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Friday, October 30, 2015

Why should Tanzanians pay taxes?


Mathew Bhuki's Reflections on 'The Tax Question':


Here is the latest Tanzania's economic update from the World Bank.

Abstract 
This seventh economic update goes to the heart of one of the main challenges faced by Tanzania: how can the country finance its development? This is a fundamental question when aid is coming down as a proportion of a growing GDP, and as access to financial markets remains limited. One option would be to rely more on the private sector to deliver education, health, roads, ports and electricity. This is possible as demonstrated by many such experiences around the world, and therefore this approach needs to be one important part of the solution to finance development. The argument presented in this economic update is that higher tax revenues will come only if a comprehensive approach is adopted. The tax system has to be affordable, fair, simple, and transparent. The government also has to be accountable for the money it is receiving. It is only when these basic conditions are met that tax compliance will increase. Because a strong social contract between the State and its citizens is not yet sufficiently in place in Tanzania, a number of suggestions are proposed in the update, with the objective of stimulating debate on possible approaches to increase tax revenue.


I find part II of the report very interesting. It asks a question: why should Tanzanians pay more taxes? Here are some highlights:

Tanzania currently collects approximately USD 6 billion in tax revenues per year, a figure equivalent to around 12 percent of its GDP. This covers approximately three quarters of the Government’s expenses. This is insufficient, particularly when other sources of funding, such as foreign inflows, are declining, or limited, such as borrowing and private sector finance. Put simply, Tanzania must collect more taxes.

Tanzania’s tax system relies on a combination of VAT, income tax, import duties and excise tax. Reliance on these four main taxes is not unusual in low-income countries. However, Tanzania’s performance in the area of the collection of VAT is one of the worst in the world.

The low VAT contribution in Tanzania is also unusual compare to other low-income countries.

The Tanzanian tax system might be the worst of two worlds: on the one hand, taxes are theoretically quite high, which discourages taxpayers from paying. On the other hand, weak collection efforts result in a failure of the State to collect the taxes it needs.

Thus, Tanzania, like other low-income countries, must intensify its tax revenue collection effortsTax collection performance is obviously linked to prosperity, with a strong correlation between tax revenues and GDP per capita…… A recent survey indicates that many Tanzanians are reluctant to pay taxes because they see them as burdensome, unfair and lacking in transparency.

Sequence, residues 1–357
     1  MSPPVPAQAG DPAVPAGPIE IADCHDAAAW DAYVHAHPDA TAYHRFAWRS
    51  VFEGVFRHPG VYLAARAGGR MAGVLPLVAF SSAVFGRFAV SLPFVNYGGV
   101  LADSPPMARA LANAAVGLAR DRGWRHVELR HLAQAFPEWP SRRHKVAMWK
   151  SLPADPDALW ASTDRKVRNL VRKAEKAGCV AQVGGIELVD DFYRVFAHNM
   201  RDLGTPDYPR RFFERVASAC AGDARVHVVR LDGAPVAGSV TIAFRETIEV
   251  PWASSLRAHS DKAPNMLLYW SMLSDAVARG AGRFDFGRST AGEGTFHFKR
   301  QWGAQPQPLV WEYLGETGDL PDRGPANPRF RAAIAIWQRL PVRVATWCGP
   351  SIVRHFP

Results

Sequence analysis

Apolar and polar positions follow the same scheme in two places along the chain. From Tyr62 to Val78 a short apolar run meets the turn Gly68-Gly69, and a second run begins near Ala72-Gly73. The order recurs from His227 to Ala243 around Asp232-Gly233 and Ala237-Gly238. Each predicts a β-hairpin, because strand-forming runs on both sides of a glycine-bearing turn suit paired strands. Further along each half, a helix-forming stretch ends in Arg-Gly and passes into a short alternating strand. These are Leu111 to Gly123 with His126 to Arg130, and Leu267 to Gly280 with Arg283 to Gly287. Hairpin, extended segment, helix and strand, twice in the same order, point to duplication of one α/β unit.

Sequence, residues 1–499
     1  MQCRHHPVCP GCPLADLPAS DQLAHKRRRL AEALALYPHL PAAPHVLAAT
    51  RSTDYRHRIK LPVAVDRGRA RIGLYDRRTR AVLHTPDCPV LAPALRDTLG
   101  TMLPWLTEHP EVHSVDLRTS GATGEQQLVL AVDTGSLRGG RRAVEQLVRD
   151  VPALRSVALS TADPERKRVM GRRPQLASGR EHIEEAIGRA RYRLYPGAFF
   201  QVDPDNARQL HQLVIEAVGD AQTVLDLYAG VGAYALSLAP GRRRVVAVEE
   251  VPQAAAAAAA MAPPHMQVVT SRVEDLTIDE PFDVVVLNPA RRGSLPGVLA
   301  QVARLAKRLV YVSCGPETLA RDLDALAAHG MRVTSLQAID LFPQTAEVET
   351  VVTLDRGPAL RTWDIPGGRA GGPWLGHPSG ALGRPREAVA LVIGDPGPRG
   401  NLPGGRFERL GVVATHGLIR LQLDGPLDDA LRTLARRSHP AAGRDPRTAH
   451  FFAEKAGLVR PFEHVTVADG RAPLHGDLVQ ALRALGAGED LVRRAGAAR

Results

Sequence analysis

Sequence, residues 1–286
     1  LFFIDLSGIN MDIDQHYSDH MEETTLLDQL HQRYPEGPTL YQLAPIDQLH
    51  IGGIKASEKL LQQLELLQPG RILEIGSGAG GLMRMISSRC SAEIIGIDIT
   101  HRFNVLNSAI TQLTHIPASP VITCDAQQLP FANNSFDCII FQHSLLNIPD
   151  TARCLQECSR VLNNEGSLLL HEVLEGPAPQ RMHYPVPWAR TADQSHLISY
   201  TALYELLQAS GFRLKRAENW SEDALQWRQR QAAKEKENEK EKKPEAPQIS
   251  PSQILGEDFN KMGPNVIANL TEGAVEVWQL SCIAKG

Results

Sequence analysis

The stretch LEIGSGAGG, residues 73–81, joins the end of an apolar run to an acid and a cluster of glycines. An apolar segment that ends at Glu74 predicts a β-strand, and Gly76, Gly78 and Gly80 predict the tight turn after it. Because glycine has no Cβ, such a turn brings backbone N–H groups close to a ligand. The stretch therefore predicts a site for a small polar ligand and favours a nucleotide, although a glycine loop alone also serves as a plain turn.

To meet these three challenges, Tanzania will need to implement bold and innovative actions that go beyond the traditional administrative measures:

1. The system must be affordable: The actual cost of paying taxes is higher than on paper as demonstrated by Tanzania’s poor ranking in the “ease of paying taxes” indicator in the World Bank’s Doing Business survey. Here, the solution is to simplify the system. Tanzania should streamline the numerous small taxes, which impose a high burden on businesses without corresponding gains to government revenues. The Government must also reduce the use of tax exemptions. The explosion in the use of mobile devices represents a great opportunity for tax authorities to use accessible, cost-effective systems for taxpayers to make payments.

2. The system must be perceived as fair: In particular, it is necessary to broaden the tax base. In Tanzania, close to 90 percent of tax revenues are generated by Dar-es-Salaam, yet the city contributes to less than 20 percent of the national GDP. Almost half of Tanzanian VAT revenues on domestic transactions are collected from three sectors (telecommunications, beverages, and cigarettes). There is a huge imbalance between the taxation on labor and capital income. Tax collection should be diversified to under-taxed sectors and regions….. Similarly, public recognition of high taxpayers can also incentivize payment. Of course, stronger and effective sanctions against tax evaders are also vitally necessary.

3. The system must be transparent: The Government needs to publish comprehensive, accessible reports on its tax collection efforts. In this area, the private sector can play a role. Some major telecom companies in Tanzania have announced that they will voluntarily publish full details of their tax payments. Such a level of transparency should be mandatory for all public enterprises and agencies.

The implementation of these actions may test the Government’s political commitment. Without doubt, if the measures described above are implemented appropriately, there will be winners and losers. While these actions will provide gains for Tanzania as a whole, those gains may occur to the detriment of politically powerful vested interests. This may make implementation politically challenging.

Read the whole report here: 

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